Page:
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Denny O'Brien has penned more than 230 Pirate Notebook columns since 2001, with a focus on ECU-related topics. Starting with this article, his weekly repertoire will also include a College Notebook column, which will take a broader look at college sports.

College Notebook No. 1
Tuesday, March 29, 2005

By Denny O'Brien
Staff Writer and Columnist

NBA proposal would boost college game


Imagine the Final Four with LeBron James as the headline act.  Basketball's biggest name on the college game's biggest stage.

It couldn't get much better than that.

While that will never happen, there's a chance that King James' heir could one day etch his name among the legends of March.  If the NBA institutes an age limit with its next collective bargaining agreement, that most definitely will be the case.

As a result, the college game will see its talent pool grow -- and its marketability explode.

The NCAA Tournament already is the nation's most intriguing sporting event.  It lasts nearly a month, includes more twists than a Hollywood thriller, and is perhaps most notable for its annual appearances by at least one unsuspecting Cinderella.

What it is beginning to lack, though, is a star-studded cast, and this year is no exception.

The leading men in St. Louis this weekend will sport coats and ties, not tank tops and shorts.  With Tom Izzo, Rick Pitino, Bruce Weber, and Roy Williams attending the party, much of the attention will center around the men diagramming the plays, not the players charged with executing them.

That wasn't the case in 1979.  Or much of the 80s and early 90s.

Who can forget that epic battle between Magic and Bird?  How about those bad boys led by Patrick Ewing at Georgetown and Hakeem Olajuwon with his brothers from Phi Slamma Jamma?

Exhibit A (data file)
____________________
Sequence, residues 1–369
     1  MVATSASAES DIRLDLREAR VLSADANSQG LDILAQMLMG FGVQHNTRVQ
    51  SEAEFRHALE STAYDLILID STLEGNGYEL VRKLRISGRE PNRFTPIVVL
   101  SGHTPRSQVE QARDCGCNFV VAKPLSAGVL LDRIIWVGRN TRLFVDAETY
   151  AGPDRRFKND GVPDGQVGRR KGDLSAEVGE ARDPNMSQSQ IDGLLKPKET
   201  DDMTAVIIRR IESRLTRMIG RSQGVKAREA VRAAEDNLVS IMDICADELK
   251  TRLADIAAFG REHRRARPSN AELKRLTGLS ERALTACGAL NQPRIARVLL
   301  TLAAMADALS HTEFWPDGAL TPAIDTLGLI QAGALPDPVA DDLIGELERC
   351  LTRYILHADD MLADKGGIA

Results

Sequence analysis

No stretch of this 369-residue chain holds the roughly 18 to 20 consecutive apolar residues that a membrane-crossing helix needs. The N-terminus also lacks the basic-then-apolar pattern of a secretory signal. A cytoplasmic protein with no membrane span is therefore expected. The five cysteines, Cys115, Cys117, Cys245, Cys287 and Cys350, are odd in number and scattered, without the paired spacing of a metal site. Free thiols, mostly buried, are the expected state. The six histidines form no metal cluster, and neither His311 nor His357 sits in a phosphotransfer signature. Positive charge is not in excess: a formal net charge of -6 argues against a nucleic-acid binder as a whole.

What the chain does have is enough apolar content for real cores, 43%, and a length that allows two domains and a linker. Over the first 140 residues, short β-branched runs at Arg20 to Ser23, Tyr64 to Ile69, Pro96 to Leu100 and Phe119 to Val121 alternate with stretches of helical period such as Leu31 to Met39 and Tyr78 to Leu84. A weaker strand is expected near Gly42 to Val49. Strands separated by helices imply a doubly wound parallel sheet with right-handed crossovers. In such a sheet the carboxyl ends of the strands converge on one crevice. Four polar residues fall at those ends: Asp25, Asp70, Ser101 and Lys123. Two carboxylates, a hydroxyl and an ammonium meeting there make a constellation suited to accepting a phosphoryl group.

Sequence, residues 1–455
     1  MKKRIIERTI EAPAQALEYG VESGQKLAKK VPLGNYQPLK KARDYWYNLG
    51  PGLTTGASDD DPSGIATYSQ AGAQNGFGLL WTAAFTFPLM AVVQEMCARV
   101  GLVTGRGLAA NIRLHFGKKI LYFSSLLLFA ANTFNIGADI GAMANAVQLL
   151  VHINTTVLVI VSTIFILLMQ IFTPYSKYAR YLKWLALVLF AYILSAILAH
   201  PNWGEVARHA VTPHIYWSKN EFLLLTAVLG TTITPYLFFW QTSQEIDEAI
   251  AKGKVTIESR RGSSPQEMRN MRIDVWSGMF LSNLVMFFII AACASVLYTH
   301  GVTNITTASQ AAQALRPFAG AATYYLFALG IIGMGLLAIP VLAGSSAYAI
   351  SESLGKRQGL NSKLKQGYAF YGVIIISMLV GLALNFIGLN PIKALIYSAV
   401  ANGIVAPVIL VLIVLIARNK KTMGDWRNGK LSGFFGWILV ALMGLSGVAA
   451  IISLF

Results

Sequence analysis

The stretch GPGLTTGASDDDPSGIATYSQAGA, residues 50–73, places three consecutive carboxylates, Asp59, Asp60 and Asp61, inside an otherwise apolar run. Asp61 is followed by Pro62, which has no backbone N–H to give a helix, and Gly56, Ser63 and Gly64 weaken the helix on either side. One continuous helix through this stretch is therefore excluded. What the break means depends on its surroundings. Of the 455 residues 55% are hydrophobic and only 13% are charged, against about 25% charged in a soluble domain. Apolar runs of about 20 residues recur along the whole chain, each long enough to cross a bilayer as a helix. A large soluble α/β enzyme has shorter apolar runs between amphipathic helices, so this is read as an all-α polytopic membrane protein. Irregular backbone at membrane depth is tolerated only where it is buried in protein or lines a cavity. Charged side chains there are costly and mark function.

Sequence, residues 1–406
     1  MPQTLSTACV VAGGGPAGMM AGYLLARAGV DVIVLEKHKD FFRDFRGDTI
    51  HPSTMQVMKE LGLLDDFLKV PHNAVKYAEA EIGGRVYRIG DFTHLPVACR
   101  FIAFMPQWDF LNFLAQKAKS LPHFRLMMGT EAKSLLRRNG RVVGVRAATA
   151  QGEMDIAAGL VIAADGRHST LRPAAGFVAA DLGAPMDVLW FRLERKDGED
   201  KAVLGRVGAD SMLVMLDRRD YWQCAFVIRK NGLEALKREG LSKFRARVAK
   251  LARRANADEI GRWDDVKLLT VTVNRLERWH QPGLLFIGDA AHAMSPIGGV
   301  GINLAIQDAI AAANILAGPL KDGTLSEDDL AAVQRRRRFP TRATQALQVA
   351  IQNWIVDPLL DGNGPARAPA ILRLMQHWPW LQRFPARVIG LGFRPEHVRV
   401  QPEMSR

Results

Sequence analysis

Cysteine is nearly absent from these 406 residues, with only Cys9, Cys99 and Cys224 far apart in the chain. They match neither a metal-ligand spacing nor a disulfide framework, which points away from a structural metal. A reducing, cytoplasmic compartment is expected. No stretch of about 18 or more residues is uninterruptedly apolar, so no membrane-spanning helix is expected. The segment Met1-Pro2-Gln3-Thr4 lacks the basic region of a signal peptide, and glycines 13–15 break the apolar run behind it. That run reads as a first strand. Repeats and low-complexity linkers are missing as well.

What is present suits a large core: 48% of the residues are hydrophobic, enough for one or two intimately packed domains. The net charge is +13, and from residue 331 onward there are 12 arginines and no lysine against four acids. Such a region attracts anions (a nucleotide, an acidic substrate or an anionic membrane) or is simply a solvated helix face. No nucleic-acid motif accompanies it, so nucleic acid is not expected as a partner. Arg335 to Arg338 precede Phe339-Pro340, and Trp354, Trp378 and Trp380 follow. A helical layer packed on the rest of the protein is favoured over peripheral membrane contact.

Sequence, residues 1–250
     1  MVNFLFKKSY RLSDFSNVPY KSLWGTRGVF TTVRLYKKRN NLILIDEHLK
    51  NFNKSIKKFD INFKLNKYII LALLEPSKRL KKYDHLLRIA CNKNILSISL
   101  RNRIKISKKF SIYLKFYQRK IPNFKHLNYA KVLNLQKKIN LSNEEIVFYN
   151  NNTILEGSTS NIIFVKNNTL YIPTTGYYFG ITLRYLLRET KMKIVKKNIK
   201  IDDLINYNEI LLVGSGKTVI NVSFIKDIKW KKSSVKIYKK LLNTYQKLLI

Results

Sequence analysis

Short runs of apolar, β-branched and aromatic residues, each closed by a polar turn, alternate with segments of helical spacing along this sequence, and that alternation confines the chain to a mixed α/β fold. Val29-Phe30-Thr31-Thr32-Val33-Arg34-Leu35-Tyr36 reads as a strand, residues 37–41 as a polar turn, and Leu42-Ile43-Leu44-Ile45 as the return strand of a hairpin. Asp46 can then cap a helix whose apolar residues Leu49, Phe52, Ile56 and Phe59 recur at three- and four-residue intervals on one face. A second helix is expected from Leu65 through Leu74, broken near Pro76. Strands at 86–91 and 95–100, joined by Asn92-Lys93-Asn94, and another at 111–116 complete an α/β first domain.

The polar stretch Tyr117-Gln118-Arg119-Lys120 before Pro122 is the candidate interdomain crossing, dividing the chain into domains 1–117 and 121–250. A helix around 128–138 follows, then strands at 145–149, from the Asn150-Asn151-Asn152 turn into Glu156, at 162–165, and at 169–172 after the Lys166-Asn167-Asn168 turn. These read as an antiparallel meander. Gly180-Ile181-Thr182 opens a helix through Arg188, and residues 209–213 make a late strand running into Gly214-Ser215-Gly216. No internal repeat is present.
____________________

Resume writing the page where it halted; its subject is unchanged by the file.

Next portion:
This year we get Alan Anderson, Francisco Garcia, Sean May, and Deron Williams.  Hardly the same.

If the NBA approves an age limit for entering the draft, we could see more storybook runs like that Danny Manning-led group at Kansas.  And instead of one-and-done chapters from the likes of Carmelo Anthony, perhaps we can witness encore performances and repeat opportunities.

But it wouldn't come without side effects.

With an age limit, expect increased attrition.  Because many will enter college with no intention of graduating, there will be more early departures from the nation's power programs.

The result could be a more level playing field, as the next tier schools are able to develop experience and chemistry by targeting players who stay four years instead of two.

NBA commissioner David Stern's main objective with an age limit is to improve the pro game.  It just so happens that the domino effect may be felt most at the college level.

Committee favoring BCS leagues?

Paul Hewitt said it best.  Moments after Louisville ambushed Georgia Tech in the NCAA Tournament, the Yellow Jackets coach questioned the Cardinals' low seeding.

For good reason, too.

After finishing the regular season 29-4 and ranked fourth in both major polls, Louisville was hardly rewarded when it received a No. 4 seeding from the NCAA Tournament selection committee.  By comparison, Washington finished 27-5 overall and a No. 7 ranking in the coach's poll (No. 8 AP) -- and snared the Albuquerque Regional top seed.

Granted, the Huskies had a higher RPI and played a tougher schedule.  But the ease with which the Cardinals throttled Washington calls to question the committee's seeding methods.